On September 15, the Government Accountability Office (GAO) sent a letter to U.S. Senate Minority Leader Chuck Schumer (D-N.Y.) and Senator Ron Wyden (D-Ore.) clarifying that a recent IRS guidance document was subject to challenge through the Congressional Review Act (CRA).
The IRS guidance related to a presidential memorandum issued by President Donald Trump on August 8 that directed the Secretary of the Treasury to defer payroll tax collection for workers who make less than $4000 per paycheck between September and December 2020.
On September 4, U.S. Representative John Larson (D-Conn.) introduced a resolution of disapproval under the CRA in an attempt to block the IRS guidance from going into effect. As of September 18, the resolution had 28 cosponsors, all members of the Democratic Party.
Larson argued in a press release that Trump’s deferral policy “is the first step towards a long-time conservative dream to end Social Security as we know it. This is a direct attack on our country’s most popular program that must be stopped.” The administration argued that the deferral would “put money directly in the pockets of American workers and generate additional incentives for work and employment.”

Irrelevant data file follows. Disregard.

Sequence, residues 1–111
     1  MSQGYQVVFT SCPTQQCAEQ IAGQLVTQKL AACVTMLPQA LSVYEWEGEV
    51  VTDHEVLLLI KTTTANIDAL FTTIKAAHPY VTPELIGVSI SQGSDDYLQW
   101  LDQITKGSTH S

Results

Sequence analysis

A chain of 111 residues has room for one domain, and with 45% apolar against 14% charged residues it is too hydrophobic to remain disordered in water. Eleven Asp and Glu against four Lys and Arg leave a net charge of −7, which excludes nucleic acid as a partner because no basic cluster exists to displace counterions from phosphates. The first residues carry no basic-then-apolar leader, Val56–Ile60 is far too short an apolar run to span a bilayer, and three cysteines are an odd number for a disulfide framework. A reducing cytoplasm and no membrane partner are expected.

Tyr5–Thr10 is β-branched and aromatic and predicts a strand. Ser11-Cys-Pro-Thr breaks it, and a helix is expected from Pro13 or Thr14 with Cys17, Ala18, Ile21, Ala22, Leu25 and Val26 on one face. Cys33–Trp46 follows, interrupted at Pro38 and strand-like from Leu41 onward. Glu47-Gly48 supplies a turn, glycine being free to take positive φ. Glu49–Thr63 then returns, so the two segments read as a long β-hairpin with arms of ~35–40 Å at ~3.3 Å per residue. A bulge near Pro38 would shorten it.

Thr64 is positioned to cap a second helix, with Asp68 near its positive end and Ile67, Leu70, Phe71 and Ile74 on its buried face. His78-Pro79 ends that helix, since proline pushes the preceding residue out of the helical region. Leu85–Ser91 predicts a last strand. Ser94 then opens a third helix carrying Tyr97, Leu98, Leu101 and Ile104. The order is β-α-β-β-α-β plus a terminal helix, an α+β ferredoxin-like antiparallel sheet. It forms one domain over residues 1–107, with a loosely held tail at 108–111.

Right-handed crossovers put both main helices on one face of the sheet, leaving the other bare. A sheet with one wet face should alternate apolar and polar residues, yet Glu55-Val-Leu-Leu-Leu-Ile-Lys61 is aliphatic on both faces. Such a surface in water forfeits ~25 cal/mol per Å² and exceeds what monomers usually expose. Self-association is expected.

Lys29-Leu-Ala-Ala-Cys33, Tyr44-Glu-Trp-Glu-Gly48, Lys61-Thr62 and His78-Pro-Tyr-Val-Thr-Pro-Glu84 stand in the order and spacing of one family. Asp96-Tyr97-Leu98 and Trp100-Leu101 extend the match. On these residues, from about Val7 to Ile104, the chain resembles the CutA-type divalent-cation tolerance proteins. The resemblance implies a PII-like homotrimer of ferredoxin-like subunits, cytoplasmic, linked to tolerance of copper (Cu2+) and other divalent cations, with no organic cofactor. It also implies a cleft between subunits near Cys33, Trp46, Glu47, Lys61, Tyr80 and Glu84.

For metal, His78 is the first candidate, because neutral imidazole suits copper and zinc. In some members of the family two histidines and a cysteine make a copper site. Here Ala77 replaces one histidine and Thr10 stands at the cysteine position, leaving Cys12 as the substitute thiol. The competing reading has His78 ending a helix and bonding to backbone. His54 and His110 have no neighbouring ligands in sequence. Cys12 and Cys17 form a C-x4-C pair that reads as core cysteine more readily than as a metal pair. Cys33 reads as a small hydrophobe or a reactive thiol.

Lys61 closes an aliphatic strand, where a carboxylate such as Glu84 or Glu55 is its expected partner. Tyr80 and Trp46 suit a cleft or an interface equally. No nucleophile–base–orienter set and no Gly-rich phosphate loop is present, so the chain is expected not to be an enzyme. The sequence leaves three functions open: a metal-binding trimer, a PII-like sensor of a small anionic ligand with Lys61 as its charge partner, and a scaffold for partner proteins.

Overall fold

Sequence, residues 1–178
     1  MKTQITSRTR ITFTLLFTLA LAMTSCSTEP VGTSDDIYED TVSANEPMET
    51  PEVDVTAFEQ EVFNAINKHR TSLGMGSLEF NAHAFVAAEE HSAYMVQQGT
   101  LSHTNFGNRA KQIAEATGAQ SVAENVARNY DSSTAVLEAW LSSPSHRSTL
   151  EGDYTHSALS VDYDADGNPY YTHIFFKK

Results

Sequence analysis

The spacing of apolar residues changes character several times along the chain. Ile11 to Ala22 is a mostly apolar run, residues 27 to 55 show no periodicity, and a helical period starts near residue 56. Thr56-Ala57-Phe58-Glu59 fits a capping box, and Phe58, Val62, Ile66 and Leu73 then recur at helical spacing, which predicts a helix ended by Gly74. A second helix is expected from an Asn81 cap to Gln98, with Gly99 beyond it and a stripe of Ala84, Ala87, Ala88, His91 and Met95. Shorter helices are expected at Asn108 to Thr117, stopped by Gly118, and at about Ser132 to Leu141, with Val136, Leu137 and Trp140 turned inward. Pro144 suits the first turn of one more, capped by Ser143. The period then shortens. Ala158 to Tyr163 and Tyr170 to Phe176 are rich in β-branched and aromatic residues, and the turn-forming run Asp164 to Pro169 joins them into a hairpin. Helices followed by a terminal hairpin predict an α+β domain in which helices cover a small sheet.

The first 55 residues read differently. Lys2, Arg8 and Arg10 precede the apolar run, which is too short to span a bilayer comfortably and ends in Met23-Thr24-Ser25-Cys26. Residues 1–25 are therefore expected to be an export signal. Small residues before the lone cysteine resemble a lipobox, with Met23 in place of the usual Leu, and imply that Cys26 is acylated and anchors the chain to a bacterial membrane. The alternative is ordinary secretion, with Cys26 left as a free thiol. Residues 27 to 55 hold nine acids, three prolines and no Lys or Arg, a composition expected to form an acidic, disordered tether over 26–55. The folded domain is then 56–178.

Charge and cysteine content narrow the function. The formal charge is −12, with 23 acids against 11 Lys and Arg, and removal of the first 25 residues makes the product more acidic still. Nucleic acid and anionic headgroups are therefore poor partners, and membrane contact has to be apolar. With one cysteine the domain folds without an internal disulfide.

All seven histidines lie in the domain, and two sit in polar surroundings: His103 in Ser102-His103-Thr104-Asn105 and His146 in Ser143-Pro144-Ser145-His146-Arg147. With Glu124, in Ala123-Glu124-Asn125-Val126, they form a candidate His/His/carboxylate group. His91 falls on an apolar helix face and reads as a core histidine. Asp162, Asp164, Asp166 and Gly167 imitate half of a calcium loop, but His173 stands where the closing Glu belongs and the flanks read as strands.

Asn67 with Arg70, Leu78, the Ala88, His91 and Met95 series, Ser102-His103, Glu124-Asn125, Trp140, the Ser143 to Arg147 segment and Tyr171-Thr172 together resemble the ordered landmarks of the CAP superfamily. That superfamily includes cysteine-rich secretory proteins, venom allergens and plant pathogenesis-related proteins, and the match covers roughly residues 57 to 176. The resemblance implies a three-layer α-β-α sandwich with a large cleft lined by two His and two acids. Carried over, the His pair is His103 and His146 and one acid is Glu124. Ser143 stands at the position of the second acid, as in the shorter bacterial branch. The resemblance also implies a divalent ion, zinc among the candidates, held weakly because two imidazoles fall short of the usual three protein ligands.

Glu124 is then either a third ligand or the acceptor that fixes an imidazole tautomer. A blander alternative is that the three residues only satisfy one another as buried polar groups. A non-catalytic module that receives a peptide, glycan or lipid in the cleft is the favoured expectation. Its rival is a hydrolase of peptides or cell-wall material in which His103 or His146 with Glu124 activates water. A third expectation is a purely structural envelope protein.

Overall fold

The CRA gives Congress a chance to review and reject any new regulatory rules created by federal administrative agencies. Since the law’s creation in 1996, 17 out of the over 90,767 rules published in the _Federal Register_ during that time have been repealed using the CRA. To block the IRS guidance, both houses of Congress would have to pass a CRA resolution of disapproval and get President Trump to sign it into law.
To learn more about the Congressional Review Act or guidance documents, see here:
Congressional Review Act
Guidance (administrative state)
Federal government responses to the coronavirus (COVID-19) pandemic, 2020
U.S. Government Accountability Office
Internal Revenue Service